is there a possibility to use a (mysql) Database to manage SSH login credentials instead of /etc/passwd ?
I know I could use ldap but I only want simple user management and ldap seems a little bit overpowered for this job.
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Yes. Linux authentication is based around the pluggable authentication modules (PAM) which allows for easy switching from one authentication backend to another. Simply install and configure a PAM MySQL module, with a corresponding user database in MySQL.
Pre-compiled packages are available in the EPEL archive for RHEL/CentOS as
pam_mysql and a
pam-mysql package should be available in Debian/Ubuntu.
While PAM-MySQL can manage login credentials, it is an incomplete solution, since it only handles the authentication portion. It does not create a user account on the system. For example:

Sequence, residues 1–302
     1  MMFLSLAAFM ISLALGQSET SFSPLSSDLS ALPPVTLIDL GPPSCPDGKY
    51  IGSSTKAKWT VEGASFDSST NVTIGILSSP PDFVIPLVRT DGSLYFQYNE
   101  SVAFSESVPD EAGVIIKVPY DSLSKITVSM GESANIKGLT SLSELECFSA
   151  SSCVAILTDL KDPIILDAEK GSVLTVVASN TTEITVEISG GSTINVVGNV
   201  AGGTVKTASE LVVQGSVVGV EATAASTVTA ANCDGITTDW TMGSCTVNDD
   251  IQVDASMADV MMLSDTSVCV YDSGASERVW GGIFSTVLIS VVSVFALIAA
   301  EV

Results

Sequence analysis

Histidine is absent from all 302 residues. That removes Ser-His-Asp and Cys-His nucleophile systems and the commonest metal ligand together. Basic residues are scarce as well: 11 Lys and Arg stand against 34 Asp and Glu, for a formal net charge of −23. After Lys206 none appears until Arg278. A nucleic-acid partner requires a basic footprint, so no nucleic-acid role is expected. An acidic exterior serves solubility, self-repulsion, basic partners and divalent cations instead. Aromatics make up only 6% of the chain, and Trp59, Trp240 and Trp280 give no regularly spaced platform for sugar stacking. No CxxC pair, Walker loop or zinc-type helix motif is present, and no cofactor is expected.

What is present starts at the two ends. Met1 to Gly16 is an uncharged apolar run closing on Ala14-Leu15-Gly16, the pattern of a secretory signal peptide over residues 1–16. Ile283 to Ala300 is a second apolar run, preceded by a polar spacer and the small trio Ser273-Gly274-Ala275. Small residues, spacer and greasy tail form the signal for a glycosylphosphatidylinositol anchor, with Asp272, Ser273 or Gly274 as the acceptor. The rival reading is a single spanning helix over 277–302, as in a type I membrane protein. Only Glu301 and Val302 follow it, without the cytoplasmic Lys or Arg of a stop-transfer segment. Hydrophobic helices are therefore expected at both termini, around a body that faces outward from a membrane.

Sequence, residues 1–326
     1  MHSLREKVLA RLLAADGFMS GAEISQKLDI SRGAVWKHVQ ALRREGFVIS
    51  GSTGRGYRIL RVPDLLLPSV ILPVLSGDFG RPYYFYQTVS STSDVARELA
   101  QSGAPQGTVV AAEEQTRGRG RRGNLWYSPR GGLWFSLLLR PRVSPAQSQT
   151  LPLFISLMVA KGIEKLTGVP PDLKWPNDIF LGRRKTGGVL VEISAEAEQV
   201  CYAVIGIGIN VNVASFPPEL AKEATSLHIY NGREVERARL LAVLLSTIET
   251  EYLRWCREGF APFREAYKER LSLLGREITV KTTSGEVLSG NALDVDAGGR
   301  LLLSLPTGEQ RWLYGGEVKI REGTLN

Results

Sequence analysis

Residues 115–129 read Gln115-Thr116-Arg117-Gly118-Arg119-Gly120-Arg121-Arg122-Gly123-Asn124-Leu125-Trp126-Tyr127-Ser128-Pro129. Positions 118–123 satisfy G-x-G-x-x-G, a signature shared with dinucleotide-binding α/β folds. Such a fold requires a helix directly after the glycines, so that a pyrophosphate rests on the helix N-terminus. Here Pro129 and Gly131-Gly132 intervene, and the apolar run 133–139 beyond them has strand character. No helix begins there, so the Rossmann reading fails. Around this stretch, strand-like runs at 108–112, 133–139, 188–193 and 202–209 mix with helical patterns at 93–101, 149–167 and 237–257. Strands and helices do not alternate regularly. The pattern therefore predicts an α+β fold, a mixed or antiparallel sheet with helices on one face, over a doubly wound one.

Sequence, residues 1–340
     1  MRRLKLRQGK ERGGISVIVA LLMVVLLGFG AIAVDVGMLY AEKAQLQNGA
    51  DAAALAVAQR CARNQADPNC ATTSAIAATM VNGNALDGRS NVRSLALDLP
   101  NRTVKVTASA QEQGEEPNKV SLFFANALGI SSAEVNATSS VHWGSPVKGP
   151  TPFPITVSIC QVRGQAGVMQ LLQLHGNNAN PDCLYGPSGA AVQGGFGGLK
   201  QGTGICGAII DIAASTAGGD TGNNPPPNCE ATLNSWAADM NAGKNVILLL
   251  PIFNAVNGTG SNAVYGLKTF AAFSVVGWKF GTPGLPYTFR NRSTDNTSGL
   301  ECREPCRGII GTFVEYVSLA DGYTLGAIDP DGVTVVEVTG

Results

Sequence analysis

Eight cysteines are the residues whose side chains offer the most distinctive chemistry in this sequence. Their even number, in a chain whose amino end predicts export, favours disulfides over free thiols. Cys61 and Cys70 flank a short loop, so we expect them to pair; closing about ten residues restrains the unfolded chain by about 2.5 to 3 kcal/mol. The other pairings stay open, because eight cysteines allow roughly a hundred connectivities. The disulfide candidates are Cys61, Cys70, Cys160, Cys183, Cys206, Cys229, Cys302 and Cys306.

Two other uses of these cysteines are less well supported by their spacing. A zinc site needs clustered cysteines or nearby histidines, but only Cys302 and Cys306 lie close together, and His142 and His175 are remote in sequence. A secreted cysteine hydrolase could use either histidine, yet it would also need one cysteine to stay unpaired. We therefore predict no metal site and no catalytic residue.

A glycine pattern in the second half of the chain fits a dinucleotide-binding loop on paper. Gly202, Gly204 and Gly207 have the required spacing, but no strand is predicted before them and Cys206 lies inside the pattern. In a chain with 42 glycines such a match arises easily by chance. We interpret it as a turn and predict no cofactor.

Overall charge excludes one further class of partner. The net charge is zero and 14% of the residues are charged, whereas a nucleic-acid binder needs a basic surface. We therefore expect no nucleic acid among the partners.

ls -lwill not use PAM-MySQL to resolve UIDs to usernames.
In other words, PAM-MySQL is a replacement for
/etc/shadow, not for
/etc/passwd. You will need to either create both an
/etc/passwd entry and a MySQL entry for each user, or supplement PAM-MySQL with NSS MySQL.
LDAP is indeed the better tool for the job, as you will be able to centralize the user account information in one place. I don't believe it is overpowered. Rather it's a kind of database that is specially designed to manage user accounts, so best practice would be to just use LDAP as a standard solution rather than hacking together a non-standard system with MySQL. Either OpenLDAP or 389 Directory Server would be a more appropriate user database than MySQL. (Both of them can be configured to use an SQL back-end, if you insist.)